Making one firm out of two

Mar 08, 2010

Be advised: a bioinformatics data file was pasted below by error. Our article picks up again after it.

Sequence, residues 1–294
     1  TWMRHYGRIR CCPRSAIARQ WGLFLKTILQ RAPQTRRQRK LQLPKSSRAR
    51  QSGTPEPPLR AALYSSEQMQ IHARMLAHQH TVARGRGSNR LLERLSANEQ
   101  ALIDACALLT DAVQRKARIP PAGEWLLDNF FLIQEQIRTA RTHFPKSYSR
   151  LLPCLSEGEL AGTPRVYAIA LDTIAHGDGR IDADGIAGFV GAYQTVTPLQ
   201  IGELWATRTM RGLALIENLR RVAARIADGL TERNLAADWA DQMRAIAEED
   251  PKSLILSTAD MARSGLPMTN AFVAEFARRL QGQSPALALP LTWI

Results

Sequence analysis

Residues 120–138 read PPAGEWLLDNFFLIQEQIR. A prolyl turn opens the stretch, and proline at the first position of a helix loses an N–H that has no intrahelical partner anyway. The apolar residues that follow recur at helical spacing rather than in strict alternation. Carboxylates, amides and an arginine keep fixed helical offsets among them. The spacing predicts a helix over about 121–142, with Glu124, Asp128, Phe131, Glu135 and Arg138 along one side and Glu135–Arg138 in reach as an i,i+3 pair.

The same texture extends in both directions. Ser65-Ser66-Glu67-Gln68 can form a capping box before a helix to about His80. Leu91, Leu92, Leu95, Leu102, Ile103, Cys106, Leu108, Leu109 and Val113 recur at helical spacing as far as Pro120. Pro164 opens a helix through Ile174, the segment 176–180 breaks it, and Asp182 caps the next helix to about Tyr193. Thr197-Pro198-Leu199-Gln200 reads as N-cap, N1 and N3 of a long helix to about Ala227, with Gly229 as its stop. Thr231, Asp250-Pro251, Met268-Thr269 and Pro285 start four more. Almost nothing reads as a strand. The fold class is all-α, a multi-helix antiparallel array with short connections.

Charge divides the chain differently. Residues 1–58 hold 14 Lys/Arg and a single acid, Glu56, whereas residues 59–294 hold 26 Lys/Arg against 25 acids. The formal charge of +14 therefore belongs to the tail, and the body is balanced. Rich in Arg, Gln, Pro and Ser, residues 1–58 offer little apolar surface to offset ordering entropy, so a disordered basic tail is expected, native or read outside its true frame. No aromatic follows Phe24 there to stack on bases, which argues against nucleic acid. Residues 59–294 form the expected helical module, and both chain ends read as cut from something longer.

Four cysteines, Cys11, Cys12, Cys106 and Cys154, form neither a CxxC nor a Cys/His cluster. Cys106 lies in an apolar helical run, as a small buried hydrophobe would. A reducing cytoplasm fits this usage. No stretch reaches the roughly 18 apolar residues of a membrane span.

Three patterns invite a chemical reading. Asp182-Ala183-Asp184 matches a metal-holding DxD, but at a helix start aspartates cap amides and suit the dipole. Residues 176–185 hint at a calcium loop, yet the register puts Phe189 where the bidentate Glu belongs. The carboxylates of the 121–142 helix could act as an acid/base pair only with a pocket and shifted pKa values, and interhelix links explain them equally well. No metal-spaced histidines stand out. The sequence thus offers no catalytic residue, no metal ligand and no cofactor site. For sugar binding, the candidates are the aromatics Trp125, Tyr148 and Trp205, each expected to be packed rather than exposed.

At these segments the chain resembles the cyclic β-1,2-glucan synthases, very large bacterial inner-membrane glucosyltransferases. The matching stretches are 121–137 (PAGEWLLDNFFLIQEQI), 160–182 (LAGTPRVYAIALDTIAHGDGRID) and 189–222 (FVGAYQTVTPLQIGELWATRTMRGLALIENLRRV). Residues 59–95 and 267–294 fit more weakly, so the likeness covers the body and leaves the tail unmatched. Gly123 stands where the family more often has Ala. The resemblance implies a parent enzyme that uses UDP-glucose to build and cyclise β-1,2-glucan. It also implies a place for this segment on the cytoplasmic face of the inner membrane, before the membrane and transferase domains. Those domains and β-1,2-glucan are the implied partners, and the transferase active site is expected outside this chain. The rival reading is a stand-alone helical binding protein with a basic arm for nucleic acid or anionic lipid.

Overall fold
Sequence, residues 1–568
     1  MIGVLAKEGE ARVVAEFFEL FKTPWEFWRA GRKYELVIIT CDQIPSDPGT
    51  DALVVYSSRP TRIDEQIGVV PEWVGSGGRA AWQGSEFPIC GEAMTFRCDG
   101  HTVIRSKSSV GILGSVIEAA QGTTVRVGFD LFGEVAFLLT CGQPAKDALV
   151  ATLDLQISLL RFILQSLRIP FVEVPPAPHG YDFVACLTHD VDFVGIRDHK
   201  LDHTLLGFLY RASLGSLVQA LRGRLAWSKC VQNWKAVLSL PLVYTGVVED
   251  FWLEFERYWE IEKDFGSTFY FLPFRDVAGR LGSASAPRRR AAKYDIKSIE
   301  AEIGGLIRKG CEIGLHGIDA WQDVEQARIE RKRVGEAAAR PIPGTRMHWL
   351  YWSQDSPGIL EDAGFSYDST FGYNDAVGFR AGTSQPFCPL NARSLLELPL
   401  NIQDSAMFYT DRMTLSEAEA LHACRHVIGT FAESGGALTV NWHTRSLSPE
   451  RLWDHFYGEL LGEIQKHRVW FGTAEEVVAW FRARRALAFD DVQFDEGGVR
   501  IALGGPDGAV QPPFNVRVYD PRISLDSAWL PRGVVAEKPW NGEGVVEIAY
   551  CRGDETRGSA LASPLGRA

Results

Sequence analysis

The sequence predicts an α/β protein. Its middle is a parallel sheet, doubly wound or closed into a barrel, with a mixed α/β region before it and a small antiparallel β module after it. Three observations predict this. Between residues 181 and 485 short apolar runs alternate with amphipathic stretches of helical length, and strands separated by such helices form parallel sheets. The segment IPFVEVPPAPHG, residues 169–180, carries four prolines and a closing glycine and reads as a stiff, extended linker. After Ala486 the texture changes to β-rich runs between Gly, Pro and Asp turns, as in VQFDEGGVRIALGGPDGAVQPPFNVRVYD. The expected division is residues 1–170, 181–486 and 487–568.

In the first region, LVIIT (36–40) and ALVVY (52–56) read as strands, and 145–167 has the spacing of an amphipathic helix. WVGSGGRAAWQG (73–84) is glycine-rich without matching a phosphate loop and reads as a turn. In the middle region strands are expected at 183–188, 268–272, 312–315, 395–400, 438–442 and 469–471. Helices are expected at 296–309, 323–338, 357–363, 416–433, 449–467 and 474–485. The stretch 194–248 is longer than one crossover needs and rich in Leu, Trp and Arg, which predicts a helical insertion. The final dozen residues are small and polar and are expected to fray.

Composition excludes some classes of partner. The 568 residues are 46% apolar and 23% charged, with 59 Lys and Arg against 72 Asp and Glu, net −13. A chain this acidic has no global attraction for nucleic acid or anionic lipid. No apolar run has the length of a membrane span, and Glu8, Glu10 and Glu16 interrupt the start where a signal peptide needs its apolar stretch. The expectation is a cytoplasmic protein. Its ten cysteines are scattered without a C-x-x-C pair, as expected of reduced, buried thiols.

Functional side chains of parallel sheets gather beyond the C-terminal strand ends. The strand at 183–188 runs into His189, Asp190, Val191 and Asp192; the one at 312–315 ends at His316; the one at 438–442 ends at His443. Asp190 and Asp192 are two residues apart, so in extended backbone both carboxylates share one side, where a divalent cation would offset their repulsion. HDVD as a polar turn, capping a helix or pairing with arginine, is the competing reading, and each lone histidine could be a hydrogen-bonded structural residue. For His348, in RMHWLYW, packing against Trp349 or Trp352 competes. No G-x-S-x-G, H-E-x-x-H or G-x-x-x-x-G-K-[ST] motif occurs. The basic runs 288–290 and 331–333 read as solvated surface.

The A/E/P and environmental consulting business is about to experience an unprecedented period of consolidation. With so many firms struggling, there will be plenty for sale. And those companies that have profitable operations and strong balance sheets will be buying all of the distressed or semi-distressed firms that they can. The problem won’t be buying. It will be integrating. Making one firm out of two is most typically the goal when a company in our industry buys another firm that is also in our industry. And that can be a challenge! Here are my thoughts: The deal structure itself can help or hurt your efforts to get one firm. While having some sort of earnout may seem like a good idea if you are the buyer, it’s been my experience that earnouts work against the “one firm” concept in a major way. Earnouts will require that the sellers keep “their clients,” “their revenues,” and/or “their profits” if you are going to figure out what their earnout is. This means separation, not synergy! Company name is crucial. While many times a buyer wants to retain the seller’s name— there’s value in it if they are a good firm— that may work against your desire to integrate them into your firm. Many times the seller is allowed to keep its name for a period of time— say one year— and the buyer’s name is either a prefix or suffix attached to it. Or, in some cases, a new name for the overall company is created. Policies and benefits have to be the same across the board. As long as you allow the seller to keep a different holiday schedule or vacation time accrual rate, or different work hours— you will have problems making one firm out of them. Ditto for all benefits. They should be the same across the board. Maybe theirs need to change, maybe yours need to change, maybe some of each need to change to get one firm with consistency in policies and benefits across the board. Co-locating people is critical. “One-firm” firms share office space, if possible. When people work in close proximity they form better relationships. This integration strategy can work even if you are buying an all new geographic territory in the acquired company. In fact, it is essential. Move people across company lines— both ways. If you can make some of their managers your managers— and make some of your managers their managers— you are much more likely to have one firm be the result. Work together on projects. Working together on billable projects for clients is crucial to making one firm out of two. Start doing so even before any deal is signed— the sooner, the better! Delaying ANY of the above steps works against integration! This is something experienced firm builders really “get.” Anything at all that allows the acquired firm to remind them of what they used to be prior to being acquired is going to create a feeling of separation— not a feeling of oneness. Don’t delay! Move quickly to integrate if you really want to make one firm out of two. Do your business planning together, socialize together, work together— have the same accounting, policies, and benefits. Have one name for all. And try to structure the deal in such a way that it supports integration post-closing. All of these things will help make one firm out of two. Originally published 3/8/2010

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